Nah, this one was stuck for good. Later on, I actually cut this mold open and discovered the resin had seeped entirely down through the floor of the mold and even through the inner walls due to its porosity… Yup, not unscrewing this one.

The reprinted mold was fine.

The problem with a robot with much larger wheels…. is that little sample pack pretty much only lasted those three initial wheels. So guess who now owns an entire gallon of goo? There is no intemediate size between the small trial-size and the full gallon.

These buckets are kind of crappy to use without dispensing equipment setup, but luckily I managed to get the workflow down for pouring them, and only got everything slightly gooey.

All of the frame rails now have brace plate holes-to-be-tapped drilled into them, so frame reassembly can begin in parallel with the remaining operations on new drivetrain and clamp/fork parts.

The first things to go back together are the liftgear and new lift motors.

One assembled front 3″ wheel… I’m liking these already.  The tread adhesion is outstanding – I can’t begin to tear the sidewall away from the face of the wheel. That and the mechanical over-molded interface means short of getting these things cut off, I’m not going to lose the tread.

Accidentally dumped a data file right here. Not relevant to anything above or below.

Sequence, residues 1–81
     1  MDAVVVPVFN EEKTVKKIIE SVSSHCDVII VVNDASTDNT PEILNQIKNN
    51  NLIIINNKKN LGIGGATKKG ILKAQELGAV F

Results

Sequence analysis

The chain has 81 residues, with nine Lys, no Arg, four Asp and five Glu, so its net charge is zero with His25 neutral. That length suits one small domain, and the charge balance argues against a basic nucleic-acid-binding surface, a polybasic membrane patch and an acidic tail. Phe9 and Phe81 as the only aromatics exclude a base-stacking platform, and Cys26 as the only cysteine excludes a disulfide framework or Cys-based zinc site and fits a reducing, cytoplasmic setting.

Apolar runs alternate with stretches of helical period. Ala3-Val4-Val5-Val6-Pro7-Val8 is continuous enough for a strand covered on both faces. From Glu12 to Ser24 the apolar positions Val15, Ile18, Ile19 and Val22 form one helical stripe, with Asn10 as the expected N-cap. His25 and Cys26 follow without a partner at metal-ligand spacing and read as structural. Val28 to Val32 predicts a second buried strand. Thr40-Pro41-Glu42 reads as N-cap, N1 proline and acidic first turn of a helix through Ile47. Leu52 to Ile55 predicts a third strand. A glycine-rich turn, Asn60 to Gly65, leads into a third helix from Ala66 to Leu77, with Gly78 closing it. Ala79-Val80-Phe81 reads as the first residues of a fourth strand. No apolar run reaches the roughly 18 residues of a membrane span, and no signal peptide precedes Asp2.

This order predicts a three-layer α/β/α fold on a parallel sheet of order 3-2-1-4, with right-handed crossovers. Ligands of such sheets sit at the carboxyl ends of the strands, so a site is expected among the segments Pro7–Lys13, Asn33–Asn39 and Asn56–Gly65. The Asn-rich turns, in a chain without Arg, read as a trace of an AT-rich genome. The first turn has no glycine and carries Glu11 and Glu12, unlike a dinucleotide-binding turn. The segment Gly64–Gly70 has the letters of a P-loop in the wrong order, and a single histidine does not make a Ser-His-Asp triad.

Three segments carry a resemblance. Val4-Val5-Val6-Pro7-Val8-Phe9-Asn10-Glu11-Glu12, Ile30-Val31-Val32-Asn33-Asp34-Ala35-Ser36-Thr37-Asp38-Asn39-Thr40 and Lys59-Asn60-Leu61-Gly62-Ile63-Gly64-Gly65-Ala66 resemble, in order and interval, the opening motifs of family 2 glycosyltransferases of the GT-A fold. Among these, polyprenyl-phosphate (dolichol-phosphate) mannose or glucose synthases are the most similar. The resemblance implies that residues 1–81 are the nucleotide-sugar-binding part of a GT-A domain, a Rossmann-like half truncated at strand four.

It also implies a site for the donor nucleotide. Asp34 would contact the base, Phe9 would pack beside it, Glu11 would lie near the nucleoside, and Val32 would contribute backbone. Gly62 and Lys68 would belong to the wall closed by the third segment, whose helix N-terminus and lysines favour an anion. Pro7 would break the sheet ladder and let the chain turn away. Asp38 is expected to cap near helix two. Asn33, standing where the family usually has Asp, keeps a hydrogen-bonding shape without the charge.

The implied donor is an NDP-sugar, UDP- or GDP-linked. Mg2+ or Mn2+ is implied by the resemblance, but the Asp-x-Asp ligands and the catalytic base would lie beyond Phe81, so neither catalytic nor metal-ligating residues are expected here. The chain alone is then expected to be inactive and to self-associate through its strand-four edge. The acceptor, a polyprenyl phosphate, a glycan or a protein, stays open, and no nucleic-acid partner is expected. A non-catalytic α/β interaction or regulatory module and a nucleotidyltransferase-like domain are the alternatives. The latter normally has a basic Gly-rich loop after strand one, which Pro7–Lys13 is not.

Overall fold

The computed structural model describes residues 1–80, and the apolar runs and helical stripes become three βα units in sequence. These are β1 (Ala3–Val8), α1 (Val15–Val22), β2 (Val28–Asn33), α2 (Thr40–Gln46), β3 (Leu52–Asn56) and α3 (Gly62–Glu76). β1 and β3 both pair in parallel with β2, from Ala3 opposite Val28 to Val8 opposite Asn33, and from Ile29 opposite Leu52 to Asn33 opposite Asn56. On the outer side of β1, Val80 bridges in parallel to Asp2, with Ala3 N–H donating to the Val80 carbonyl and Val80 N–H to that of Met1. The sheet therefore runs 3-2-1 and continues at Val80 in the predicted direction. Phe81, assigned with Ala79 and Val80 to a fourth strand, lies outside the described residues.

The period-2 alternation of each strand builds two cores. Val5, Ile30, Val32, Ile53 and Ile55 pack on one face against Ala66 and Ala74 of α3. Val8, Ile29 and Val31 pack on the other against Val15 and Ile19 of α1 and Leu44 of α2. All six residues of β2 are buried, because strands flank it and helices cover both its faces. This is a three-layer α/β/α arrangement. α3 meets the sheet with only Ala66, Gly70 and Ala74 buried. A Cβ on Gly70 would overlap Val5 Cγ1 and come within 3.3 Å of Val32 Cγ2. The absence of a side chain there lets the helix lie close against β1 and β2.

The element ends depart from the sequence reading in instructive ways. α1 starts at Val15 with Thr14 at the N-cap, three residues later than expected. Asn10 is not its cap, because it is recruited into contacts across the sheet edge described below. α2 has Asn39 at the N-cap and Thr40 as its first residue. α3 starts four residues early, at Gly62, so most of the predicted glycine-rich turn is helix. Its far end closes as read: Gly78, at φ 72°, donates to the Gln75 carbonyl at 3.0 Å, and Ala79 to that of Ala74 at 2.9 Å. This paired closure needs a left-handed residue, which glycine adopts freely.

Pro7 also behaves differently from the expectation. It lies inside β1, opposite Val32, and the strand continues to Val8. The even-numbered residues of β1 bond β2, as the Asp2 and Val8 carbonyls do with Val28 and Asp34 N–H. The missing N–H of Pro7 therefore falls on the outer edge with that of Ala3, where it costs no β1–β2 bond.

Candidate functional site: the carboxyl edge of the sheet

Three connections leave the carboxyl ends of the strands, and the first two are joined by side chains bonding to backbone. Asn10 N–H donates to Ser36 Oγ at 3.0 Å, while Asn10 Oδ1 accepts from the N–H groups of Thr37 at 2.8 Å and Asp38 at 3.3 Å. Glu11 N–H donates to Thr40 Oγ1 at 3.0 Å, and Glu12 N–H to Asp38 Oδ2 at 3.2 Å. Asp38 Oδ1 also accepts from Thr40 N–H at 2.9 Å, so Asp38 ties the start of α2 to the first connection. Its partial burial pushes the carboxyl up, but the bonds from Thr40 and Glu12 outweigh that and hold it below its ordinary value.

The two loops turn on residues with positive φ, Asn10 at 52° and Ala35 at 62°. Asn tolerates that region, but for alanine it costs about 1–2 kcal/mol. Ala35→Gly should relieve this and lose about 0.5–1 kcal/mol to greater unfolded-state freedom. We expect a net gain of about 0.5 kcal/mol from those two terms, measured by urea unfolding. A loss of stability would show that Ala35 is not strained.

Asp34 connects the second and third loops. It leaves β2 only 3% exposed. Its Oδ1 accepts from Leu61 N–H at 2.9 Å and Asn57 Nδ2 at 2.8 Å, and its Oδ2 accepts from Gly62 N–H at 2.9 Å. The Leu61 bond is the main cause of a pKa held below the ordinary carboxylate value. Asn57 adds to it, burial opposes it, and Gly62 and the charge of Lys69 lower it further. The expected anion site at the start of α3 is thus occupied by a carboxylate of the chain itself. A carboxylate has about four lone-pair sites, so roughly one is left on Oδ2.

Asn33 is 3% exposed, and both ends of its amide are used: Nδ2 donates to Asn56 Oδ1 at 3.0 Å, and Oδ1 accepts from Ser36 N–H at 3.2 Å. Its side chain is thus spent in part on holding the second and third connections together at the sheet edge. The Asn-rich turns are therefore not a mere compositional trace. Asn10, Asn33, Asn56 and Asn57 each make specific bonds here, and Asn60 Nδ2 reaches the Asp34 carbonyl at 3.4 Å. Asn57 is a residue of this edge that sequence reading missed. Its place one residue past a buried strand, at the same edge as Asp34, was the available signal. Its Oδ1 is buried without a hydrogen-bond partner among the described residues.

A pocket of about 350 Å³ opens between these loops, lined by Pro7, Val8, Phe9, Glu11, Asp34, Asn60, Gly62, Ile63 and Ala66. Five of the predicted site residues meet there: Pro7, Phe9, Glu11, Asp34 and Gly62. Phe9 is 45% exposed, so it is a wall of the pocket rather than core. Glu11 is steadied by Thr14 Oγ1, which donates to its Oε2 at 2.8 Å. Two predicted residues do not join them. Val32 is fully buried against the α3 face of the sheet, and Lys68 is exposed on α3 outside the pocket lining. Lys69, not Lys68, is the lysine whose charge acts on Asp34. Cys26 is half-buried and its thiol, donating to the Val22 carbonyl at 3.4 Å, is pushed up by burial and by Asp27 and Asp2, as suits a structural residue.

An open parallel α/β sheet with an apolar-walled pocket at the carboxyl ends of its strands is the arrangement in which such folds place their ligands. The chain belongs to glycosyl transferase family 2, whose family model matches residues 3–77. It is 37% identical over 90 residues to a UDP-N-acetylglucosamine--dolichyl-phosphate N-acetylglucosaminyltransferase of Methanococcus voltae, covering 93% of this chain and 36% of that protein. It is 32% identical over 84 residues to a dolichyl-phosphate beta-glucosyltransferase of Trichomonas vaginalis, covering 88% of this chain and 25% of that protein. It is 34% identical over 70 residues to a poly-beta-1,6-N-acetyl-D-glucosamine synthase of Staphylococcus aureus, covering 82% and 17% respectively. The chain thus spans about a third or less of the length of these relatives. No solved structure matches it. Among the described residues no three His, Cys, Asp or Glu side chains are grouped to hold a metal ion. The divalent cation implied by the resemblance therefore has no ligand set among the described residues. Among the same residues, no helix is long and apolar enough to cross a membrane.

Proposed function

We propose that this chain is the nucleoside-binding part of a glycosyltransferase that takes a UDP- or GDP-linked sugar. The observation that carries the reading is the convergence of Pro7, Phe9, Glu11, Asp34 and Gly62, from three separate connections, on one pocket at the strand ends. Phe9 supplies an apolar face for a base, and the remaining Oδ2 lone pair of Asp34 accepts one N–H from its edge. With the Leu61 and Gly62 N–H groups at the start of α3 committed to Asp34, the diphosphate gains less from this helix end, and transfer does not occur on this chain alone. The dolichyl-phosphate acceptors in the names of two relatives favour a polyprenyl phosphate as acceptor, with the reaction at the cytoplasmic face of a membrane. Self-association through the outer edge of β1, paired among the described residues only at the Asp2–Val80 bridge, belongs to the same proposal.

A little bit more progress on reassembly, now with added drive motors.

Going on in parallel with the wheel casting and reassembly was lots and lots of welding. This damn thing almost has too much welding on it. I also know that I only say that because during this build, we didn’t have a MIG welder, only a TIG.

Here’s why – TIG welding is a very slow, methodical process which gives the welder maximum control over the weld composition. For the things we’ve been doing for “work” and consulting projects, this has been great! What it’s not good at is making large amounts of obnoxious fat welds quickly, for things which are only meant to run into each other over and over. Really, a lot of what you’ll see in the arms was designed for MIG welding, but I couldn’t gain access to my usual one back at MIT until nearly the very end of the build season. Putting Overhaul’s arms together, and Brutus’ wedges and plows, were processes which took up an entire day, or days.

The combined builds of Brutus and Overhaul made us go out and buy a MIG welder because of how bad it was. So that obviously won’t be a problem again, since now we have a Millermatic 211 in the arsenal.

However, I will begin with pointing out that a TIG welder is great for performing an act of terror I learned during my MIT career: TIG bending. Hey, it creates a highly localized heat region! By gliding the torch over a line scribed into some metal, you can very easily get it up to formability temperature. The upside is also a smaller HAZ than (in my experience) with an oxy-acetylene torch.